Not so much
Unlike young men, whom Aristotle thought where appears, except the dedications to
Unfit to hear moral philosophy. Southampton and the allusions which
The reasons you allege do more conduce followed, on which to base the claim of
To the hot passion of distempered blood, the authorship of the plays for Shak- Than to make up a free determination spere, beyond the bare fact that the
'Twixt right and wrong. plays were upon the stage in the theatres which he was connected with, and were
Mr. Spedding remarks that Aristotle generally attributed to him ; nor does he speaks only of “political philosophy," appear to have declined the honour of and that the error of Bacon is followed their paternity. The fact is by no means by Shakspere. This instance may have to be ignored that several of the plays author urges that the whole tenor of the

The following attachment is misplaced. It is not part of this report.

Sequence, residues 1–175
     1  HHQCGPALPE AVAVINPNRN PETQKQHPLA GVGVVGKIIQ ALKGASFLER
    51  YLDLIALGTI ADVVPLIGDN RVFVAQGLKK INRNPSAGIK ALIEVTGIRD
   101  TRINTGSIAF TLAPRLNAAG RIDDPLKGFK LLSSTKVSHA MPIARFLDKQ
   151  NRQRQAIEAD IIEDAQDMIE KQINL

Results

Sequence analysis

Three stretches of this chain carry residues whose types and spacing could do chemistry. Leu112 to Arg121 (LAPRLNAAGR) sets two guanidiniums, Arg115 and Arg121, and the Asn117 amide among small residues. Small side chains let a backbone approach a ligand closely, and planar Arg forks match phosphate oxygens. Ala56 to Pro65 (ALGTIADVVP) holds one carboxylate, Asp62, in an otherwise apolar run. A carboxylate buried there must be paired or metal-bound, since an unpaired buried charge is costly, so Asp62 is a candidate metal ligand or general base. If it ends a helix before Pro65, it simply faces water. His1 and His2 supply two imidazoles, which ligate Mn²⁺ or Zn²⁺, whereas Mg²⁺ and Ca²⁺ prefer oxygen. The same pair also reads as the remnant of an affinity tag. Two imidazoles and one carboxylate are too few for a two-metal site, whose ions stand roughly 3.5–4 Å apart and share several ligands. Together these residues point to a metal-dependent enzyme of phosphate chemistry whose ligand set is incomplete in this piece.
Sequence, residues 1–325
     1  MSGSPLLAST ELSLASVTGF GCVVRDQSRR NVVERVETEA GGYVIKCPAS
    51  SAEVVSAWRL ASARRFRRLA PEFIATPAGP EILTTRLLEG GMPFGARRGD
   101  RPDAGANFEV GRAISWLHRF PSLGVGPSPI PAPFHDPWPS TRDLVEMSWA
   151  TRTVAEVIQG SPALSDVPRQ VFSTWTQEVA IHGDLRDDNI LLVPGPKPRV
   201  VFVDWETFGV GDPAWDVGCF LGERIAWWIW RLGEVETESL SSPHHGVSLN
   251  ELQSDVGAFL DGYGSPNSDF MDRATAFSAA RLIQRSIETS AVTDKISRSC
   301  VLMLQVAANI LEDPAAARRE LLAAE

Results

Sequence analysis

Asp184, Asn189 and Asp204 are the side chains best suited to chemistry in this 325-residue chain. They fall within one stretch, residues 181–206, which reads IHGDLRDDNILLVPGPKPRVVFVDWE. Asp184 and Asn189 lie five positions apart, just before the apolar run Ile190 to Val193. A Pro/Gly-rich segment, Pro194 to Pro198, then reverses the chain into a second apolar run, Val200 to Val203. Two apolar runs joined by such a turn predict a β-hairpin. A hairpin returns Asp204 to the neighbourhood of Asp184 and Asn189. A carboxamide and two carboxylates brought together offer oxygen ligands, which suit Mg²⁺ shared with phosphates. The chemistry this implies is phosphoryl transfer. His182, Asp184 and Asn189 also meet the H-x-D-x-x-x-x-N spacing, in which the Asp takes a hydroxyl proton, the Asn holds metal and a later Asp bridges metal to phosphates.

been the fruit of plagiarism, but our attributed to the poet during his life are now indisputably proved not to be the argument in the play is so exactly in product of his pen.
keeping with Bacon's manner of dealing Hereupon our author hints at the pith with the subject, that it is hard to believe of his theory and offers the view that, on
a mere plagiarist would have followed the supposition that these plays came
him so profoundly. At a later stage of from Gray's Inn, and were the early at- the work are given many hundred paraltempts of a briefless young barrister who
lelisms of word and thought between the did not desire to be known as a writer works of these great contemporaries, who for the stage, and who meant to “profess never, by briefest hint, gave indication not to be a poet,” but to whom any that either was cognisant of the exist“lease of quick revenue ” might not be ence of the other, which singularity unacceptable and cover some practical urged the writer in the Athenæum, quoted necessity - it is not difficult to imagine above, to remark: that this “ absolute Johannes Factotum"